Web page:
2 big cities OK cuts to worker pension costs
Reform advocates predict others will follow example of San Jose and San Diego.
Landslide victories on ballot measures to cut pension costs in two major California cities emboldened reform advocates, who said they expect a flurry of copycat initiatives and increased support for Gov. Jerry Brown's long-stalled push to curb the state's obligations to its employees.
In San Jose, nearly 70% of voters Tuesday approved a plan that gives workers the choice between increasing their pension contribution to 13% of their pay, currently 5% to 11%, or switching to a lower-cost plan with reduced benefits. It also steeply cuts benefits for new hires and tightens rules for disability retirements.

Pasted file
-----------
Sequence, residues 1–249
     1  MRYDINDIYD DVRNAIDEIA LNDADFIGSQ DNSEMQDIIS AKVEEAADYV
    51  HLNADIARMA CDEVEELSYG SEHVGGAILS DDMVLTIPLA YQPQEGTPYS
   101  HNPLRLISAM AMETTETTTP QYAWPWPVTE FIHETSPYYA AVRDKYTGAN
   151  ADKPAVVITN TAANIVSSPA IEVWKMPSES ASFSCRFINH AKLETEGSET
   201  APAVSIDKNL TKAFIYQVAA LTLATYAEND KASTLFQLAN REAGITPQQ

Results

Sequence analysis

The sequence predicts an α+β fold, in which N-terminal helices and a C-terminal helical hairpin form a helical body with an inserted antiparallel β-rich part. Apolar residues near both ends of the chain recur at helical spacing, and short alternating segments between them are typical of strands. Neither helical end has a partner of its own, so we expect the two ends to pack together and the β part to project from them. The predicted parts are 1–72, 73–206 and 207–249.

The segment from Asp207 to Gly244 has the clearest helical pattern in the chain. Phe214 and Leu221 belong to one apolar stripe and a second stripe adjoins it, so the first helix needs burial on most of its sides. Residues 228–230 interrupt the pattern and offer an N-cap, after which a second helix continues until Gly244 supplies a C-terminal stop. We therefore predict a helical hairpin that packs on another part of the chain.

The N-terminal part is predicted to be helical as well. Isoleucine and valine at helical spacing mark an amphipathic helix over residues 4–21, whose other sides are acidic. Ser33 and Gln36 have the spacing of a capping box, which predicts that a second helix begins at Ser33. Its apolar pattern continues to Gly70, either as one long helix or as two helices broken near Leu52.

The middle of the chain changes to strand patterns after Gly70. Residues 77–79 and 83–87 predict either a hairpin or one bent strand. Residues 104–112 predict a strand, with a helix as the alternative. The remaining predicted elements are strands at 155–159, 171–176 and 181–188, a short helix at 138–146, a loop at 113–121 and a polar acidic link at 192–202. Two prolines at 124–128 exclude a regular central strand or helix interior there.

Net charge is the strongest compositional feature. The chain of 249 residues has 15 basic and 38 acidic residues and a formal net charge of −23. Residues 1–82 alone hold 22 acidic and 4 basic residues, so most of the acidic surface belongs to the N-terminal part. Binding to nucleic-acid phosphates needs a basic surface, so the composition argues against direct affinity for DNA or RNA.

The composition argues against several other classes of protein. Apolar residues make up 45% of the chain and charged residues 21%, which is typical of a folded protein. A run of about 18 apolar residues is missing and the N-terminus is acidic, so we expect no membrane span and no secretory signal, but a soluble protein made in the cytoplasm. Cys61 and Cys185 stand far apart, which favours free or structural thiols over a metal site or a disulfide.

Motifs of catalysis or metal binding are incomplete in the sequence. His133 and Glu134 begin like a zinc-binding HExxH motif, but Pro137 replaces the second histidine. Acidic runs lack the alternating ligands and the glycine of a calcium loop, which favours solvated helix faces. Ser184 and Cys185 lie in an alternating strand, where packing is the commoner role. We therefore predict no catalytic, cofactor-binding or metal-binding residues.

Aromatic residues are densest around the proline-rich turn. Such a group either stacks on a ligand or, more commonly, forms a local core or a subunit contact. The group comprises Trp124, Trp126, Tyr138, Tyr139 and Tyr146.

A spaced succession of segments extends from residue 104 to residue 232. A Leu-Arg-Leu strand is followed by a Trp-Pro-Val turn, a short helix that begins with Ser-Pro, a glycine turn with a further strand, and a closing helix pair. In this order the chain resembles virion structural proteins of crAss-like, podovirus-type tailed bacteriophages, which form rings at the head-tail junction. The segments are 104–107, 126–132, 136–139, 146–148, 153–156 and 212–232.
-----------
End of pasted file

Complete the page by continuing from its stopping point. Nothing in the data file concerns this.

The San Diego measure also calls for a five-year freeze on "pensionable" pay levels and removes elected leaders' ability to improve retirement packages without a popular vote. Leaders in both cities say voters were echoing a point that reform advocates have made for years.
"They understand the direct connection between skyrocketing pensions and the cuts in services we've suffered," said San Jose Mayor Chuck Reed, the primary mover behind his city's push for reform. "They recognize that the system is simply not sustainable."